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Are you OK to drive after fainting? New UBC study says yes

A new study from UBC reveals that drivers who’ved fainted before pose no increased risk on the road
A new study from UBC has found that people who’ve visited the emergency room for fainting aren’t prone to more car crashes than other drivers. (Freestock-photos/

A new UBC study has laid to rest the question of whether or not it’s OK to get behind the wheel of a vehicle if the driver is prone to fainting.

A new study from the UBC Faculty of Medicine, published Aug 1, suggests that people who have visited the emergency room for fainting aren’t prone to more car crashes when compared to other drivers.

The study explores the relationship between first-episode syncope – or fainting – and car crashes. According to the research team, only 9.2 per cent of the 9,200 drivers who participated in the study were involved in a car crash within a year of visiting the emergency room for fainting.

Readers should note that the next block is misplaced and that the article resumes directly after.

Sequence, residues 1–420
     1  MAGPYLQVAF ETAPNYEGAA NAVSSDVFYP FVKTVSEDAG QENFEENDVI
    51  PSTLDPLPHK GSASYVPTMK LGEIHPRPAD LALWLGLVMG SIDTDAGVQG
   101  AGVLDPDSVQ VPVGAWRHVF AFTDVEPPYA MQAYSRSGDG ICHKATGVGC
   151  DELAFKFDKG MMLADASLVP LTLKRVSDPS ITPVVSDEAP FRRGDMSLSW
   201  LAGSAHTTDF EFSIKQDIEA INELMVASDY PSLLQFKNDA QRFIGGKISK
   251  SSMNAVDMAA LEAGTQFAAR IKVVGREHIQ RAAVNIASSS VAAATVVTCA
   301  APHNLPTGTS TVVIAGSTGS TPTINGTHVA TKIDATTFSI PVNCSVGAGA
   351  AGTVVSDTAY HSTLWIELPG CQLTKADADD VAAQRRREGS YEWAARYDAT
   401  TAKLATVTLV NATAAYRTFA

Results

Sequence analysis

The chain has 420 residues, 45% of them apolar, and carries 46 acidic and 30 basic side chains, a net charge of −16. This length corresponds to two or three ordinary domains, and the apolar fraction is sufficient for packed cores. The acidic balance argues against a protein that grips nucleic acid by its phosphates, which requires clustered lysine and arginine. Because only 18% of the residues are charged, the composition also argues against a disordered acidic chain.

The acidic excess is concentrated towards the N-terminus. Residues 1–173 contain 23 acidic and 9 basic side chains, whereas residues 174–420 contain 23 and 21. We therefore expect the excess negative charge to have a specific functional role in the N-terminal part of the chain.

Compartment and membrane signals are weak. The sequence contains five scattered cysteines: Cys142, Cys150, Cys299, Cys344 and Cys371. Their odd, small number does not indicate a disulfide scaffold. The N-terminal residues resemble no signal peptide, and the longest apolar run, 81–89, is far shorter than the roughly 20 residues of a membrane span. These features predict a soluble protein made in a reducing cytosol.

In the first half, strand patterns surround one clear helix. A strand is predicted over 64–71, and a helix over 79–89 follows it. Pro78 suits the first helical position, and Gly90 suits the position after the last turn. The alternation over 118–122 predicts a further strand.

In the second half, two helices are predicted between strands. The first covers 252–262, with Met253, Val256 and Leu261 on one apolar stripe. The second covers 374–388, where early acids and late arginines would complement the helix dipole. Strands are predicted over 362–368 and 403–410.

Researchers also found that drivers who fainted didn’t pose an increased risk in the month after their emergency room visit.

In comparison, 10.1 per cent of drivers who visited the emergency room for other problems, were involved in car crashes a year after their visit. That’s compared to the national average of 8.2 per cent of drivers who get into car crashes in any given year.

Despite concerns, imposing driving restrictions on those who’ve fainted isn’t necessary and would contribute to unnecessary stigmatization, the study suggests. However, the research team says that fainting can be a sign of a more serious medical issue and encourages people to visit the doctor if they’ve fainted.


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Kemone Moodley

About the Author: Kemone Moodley

I began working with the Hope Standard on August 2022.
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